• Commercial property insurers have mixed views of smart building technology contributing specifically to a custom risk score, but the majority already consider the data valuable and express a positive inclination to use it.
  • Although many insurers claim they currently collect smart building data, very few are actually putting it to use. As such, a contributory data enrichment project in the industry, culminating in a score, could enhance the use of data in this area.  However, insurers’ existing infrastructure could be a barrier to use. Half of the respondents perceive that their systems are not currently capable of completely supporting the use of smart building data.

In conclusion, commercial property insurers believe smart building data is valuable and they are looking for a common platform to be able to make it a business reality. A majority (68%) are inclined to use a custom score based on this data, and a contributory data platform in this regard has the benefits of standardisation and de-duplication of efforts across the industry.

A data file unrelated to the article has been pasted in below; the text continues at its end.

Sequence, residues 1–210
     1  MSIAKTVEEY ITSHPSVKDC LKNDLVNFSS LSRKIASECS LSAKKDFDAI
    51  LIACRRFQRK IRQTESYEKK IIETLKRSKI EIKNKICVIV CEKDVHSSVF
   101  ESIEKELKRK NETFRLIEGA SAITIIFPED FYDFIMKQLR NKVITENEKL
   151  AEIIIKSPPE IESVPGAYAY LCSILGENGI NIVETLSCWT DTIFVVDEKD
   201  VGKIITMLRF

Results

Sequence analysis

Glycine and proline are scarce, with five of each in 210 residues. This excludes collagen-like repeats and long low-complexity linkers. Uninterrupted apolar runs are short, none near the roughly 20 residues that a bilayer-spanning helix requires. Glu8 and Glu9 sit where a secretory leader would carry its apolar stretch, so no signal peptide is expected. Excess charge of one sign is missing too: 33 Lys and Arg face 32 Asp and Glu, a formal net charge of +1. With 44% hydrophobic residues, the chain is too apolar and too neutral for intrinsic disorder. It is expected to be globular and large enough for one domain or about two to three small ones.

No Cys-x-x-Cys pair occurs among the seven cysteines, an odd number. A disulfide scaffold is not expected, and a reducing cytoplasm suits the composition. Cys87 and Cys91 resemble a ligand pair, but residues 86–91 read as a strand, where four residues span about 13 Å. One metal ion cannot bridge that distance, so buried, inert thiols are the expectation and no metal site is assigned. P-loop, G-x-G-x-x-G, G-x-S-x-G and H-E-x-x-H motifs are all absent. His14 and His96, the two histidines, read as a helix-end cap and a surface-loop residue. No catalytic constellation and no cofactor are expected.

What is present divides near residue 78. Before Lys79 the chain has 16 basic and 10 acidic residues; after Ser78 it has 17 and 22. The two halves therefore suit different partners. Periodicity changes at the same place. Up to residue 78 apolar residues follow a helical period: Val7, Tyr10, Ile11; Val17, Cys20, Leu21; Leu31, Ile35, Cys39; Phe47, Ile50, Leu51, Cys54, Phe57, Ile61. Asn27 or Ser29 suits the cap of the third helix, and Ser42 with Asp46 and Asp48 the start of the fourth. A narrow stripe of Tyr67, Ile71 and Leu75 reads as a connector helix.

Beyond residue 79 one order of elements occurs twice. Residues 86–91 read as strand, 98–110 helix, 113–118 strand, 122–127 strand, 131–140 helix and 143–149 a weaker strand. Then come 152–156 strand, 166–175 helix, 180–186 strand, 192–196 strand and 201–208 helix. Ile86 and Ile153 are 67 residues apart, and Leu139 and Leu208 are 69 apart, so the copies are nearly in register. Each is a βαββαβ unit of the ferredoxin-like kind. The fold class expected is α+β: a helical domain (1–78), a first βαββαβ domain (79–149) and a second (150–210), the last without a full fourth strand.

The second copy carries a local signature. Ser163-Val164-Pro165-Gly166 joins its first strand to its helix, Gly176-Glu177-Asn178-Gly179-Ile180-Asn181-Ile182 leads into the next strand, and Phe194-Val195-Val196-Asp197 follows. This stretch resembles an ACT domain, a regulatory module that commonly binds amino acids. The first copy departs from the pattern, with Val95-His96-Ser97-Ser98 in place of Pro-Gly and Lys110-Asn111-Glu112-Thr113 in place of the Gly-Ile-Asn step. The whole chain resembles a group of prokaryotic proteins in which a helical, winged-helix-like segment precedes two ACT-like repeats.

Interest in using smart building data in the future exists, even among those insurers who are not currently ingesting it. This is a vision that at LexisNexis Risk Solutions we’ve begun discussing with our insurance partners. It’s a positive vision for the industry and for society that will ultimately incentivize buildings that are safer from fire, flood, theft and other perils.

For more insights from these research results download the LexisNexis Risk Solutions commercial property insurance white paper ‘Enabling Enrichment‘.

*LexisNexis Risk Solutions carried out an anonymous survey, the UK Commercial Property Insurers Study, 14 November – 13 December 2017. Data collection: A mixed mode of web and telephone survey was used to collect data. To qualify, respondents were screened to meet the following criteria: Currently employed in the insurance industry (direct insurers, indirect insurers, brokers, and MGAs) with responsibilities related to underwriting or pricing. The sample was 77 commercial property insurers who spend most of their time working in the commercial insurance sector.

Follow the link to the LexisNexis Risk Solutions website to find out more about how we support insurance providers.